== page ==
10. 4 E V A L U A T I O N OF DRUGS IN MAN warning against placing much weight on, or con- wider limits, e.g. P = 0.1-0.2, which indicates that fidence in, the results of small or variable studies. the investigators are willing to accept a 10-20% Confidence intervals are extremely helpful in chance of missing a real effect. Conversely, the interpretation, particularly of small studies, as they power of the study (1 - (3) is the probability of show the degree of uncertainty related to a result. avoiding this error and detecting a real difference, Their use in conjunction with nonsignificant in this case 80-90%. results may be especially enlightening.21 A find- It is up to the investigators to decide the target ing of 'not statistically significant' can be inter- difference22 and what probability level (for either preted as meaning there is no clinically useful type of error) they will accept if they are to use the difference only if the confidence intervals for the result as a guide to action. results are also stated in the report and are narrow. Plainly, trials should be devised to have adequate If the confidence intervals are wide, a real difference precision and power, both of which are consequences may be missed in a trial with a small number of of the size of study. It is also necessary to make an subjects, i.e. absence of evidence that there is a estimate of the likely size of the difference between difference is not the same as showing that there is treatments, i.e. the target difference. Adequate no difference. Small numbers of patients inevitably power is often defined as giving an 80-90% chance give low precision and low power to detect of detecting (at 1-5% statistical significance, P = differences. 0.01-0.05) the defined useful target difference (say 15%). It is rarely worth starting a trial that has less than a 50% chance of achieving the set objective, Types of error because the power of the trial is too low; such small The above discussion provides us with information trials, published without any statement of power or on the likelihood of falling into one of the two confidence intervals attached to estimates reveal principal kinds of error in therapeutic experiments, only their inadequacy. for the hypothesis that there is no difference between treatments may either be accepted incorrectly or rejected incorrectly. Types of therapeutic trial Type I error (a) is the finding of a difference between treatments when in reality they do not A therapeutic trial is: differ, i.e. rejecting the null hypothesis incorrectly. a carefully, and ethically, designed experiment with Investigators decide the degree of this error which the aim of answering some precisely framed they are prepared to tolerate on a scale in which 0 question. In its most rigorous form it demands indicates complete rejection of the null hypothesis equivalent groups of patients concurrently treated and 1 indicates its complete acceptance; clearly the in different ways or in randomised sequential level for a must be set near to 0. This is the same as order in crossover designs. These groups are the significance level of the statistical test used to constructed by the random allocation of patients to detect a difference between treatments. Thus a (or one or other treatment... In principle the method P = 0.05) indicates that the investigators will accept has application with any disease and any a 5% chance that an observed difference is not a real treatment. It may also be applied on any scale; it difference. does not necessarily demand large numbers of patients.23 Type II error ( ) is the finding of no difference between treatments when in reality they do differ, i.e. accepting the null hypothesis incorrectly. The 22 The Target Difference. Differences in trial outcomes fall into probability of detecting this error is often given three grades (1) that the doctor will ignore, (2) that will make the doctor wonder what to do (more research needed), and (3) that will make the doctor act, i.e. change prescribing 21 Altman D G et al 1983 British Medical Journal 286:1489. practice. 60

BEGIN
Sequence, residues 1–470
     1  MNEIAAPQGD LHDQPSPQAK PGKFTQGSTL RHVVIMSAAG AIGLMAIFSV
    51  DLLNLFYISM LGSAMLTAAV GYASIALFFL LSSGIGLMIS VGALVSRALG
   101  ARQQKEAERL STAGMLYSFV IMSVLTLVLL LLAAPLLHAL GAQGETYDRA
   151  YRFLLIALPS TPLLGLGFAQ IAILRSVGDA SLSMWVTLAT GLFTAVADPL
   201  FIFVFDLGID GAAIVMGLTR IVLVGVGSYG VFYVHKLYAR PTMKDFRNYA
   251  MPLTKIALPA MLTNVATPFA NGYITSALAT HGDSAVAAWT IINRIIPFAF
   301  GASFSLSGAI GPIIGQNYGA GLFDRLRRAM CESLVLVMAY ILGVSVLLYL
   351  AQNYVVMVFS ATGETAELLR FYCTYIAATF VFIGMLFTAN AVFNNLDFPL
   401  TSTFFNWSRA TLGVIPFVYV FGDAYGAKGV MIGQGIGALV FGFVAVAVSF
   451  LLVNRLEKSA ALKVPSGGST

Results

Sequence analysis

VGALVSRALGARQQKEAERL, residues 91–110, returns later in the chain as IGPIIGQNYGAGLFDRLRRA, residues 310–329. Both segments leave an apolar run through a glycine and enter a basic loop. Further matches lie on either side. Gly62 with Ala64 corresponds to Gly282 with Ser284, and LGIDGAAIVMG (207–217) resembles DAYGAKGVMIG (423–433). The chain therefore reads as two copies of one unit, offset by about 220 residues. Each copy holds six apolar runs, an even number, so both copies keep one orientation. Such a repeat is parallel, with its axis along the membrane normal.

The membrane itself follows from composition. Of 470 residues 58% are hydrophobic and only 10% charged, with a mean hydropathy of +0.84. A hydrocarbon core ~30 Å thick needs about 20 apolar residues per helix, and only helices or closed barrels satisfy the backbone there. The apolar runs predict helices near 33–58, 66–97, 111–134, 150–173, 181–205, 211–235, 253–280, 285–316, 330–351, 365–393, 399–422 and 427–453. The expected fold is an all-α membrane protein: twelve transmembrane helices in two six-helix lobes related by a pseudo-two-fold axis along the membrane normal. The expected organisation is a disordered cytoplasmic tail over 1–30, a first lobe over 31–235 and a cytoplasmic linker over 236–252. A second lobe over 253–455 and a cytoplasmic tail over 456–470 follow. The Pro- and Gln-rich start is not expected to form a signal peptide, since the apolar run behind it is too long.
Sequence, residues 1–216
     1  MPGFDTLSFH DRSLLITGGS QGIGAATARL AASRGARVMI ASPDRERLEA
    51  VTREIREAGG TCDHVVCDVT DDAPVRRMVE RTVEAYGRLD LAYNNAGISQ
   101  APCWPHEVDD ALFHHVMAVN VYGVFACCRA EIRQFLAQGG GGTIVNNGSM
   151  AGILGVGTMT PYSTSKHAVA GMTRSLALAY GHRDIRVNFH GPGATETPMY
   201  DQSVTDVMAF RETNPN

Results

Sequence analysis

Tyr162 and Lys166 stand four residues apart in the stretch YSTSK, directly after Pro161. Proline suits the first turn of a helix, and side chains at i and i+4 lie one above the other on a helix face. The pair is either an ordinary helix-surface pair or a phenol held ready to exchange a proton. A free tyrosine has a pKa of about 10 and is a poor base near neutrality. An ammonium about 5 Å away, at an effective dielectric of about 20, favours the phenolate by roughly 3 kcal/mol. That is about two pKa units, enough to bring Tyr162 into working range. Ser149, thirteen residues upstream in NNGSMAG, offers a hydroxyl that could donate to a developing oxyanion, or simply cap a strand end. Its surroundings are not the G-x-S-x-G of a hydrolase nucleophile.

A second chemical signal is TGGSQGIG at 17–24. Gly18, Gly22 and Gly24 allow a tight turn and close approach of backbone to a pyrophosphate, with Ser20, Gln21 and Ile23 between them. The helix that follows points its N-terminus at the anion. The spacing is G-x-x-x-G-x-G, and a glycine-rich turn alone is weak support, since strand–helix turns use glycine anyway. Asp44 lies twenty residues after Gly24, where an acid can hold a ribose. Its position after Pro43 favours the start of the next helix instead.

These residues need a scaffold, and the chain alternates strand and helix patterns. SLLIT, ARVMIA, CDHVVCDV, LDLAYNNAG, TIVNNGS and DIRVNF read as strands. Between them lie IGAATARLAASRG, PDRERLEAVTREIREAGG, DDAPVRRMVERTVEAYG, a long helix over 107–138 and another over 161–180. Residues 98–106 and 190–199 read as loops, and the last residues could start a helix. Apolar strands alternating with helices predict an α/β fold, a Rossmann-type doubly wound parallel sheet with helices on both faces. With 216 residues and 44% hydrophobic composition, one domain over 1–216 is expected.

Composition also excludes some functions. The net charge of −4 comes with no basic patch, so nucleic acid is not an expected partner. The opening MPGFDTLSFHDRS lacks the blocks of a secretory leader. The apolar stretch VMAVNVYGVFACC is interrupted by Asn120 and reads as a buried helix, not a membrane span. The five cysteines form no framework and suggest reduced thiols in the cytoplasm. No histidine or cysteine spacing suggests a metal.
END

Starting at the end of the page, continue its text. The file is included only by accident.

11. TYPES OF THERAPEUTIC TRIAL 4 This is the classic randomised controlled trial • Investigation of the shape and location of the (RCT), the most secure method for drawing a causal dose-response curve inference about the effects of treatments. Random- • The estimation of an appropriate starting dose isation attempts to control biases of various kinds • The identification of optimal strategies for when assessing the effects of treatments. RCTs are individual dose adjustments employed at all phases of drug development and in • The determination of a maximal dose beyond the various types and designs of trials discussed which additional benefit is unlikely to occur. below. Fundamental to any trial are: Superiority, equivalence and noninferiority in • An hypothesis clinical trials. The therapeutic efficacy of a novel • Definition of the primary endpoint drug is most convincingly established by demon- • The method of analysis strating superiority to placebo, or to an active control • A protocol. treatment, or by demonstrating a dose-response relationship (as above). Other factors to consider when designing or In some cases, however, the purpose of a compar- critically appraising a trial are the: ison is to show not necessarily superiority, but either • Characteristics of the patients equivalence or noninferiority. The objectives of such • General applicability of the results trials are to avoid the use of a placebo, to explore • Size of the trial possible advantages of safety, dosing convenience • Method of monitoring and cost, and to present an alternative or 'second- • Use of interim analyses24 line' therapy. • Interpretation of subgroup comparisons. Examples of possible outcome in a 'head to head' comparison of two active treatments appear in The aims of a therapeutic trial, not all of which Figure 4.1. can be attempted at any one occasion, are to decide: There are in general, two types of equivalence • Whether a treatment is of value trials in clinical development, bio- and clinical • The magnitude of that value (compared with equivalence. In the former, certain pharmacokinetic other remedies) variables of a new formulation have to fall within • The types of patients in whom it is of value specified (and regulated) margins of the standard • The best method of applying the treatment (how formulation of the same active entity. The advantage often, and in what dosage if it is a drug) of this type of trial is that, if bioequivalence is • The disadvantages and dangers of the treatment. 'proven' then proof of clinical equivalence is not required. Proof of clinical equivalence of a generic Dose-response trials. Response in relation to the product to the marketed product can be much more dose of a new investigational drug may be explored difficult to demonstrate. in all phases of drug development. Dose-response trials serve a number of objectives, of which the DESIGN OFTRIALS following are of particular importance. • Confirmation of efficacy (hence a therapeutic Techniques to avoid bias trial) The two most important techniques are: 23 Bradford Hill A1977 Principles of medical statistics. • Randomisation Hodder and Stoughton, London. If there is a 'father' of the • Blinding modern scientific therapeutic trial, it is he. 24 Particularly in large-scale outcome trials, a monitoring Randomisation introduces a deliberate element of committee is given access to the results as these are accumulated; the committee is empowered to discontinue a chance into the assignment of treatments to the trial if the results show significant advantage or subjects in a clinical trial. It provides a sound disadvantage to one or other treatment. statistical basis for the evaluation of the evidence 61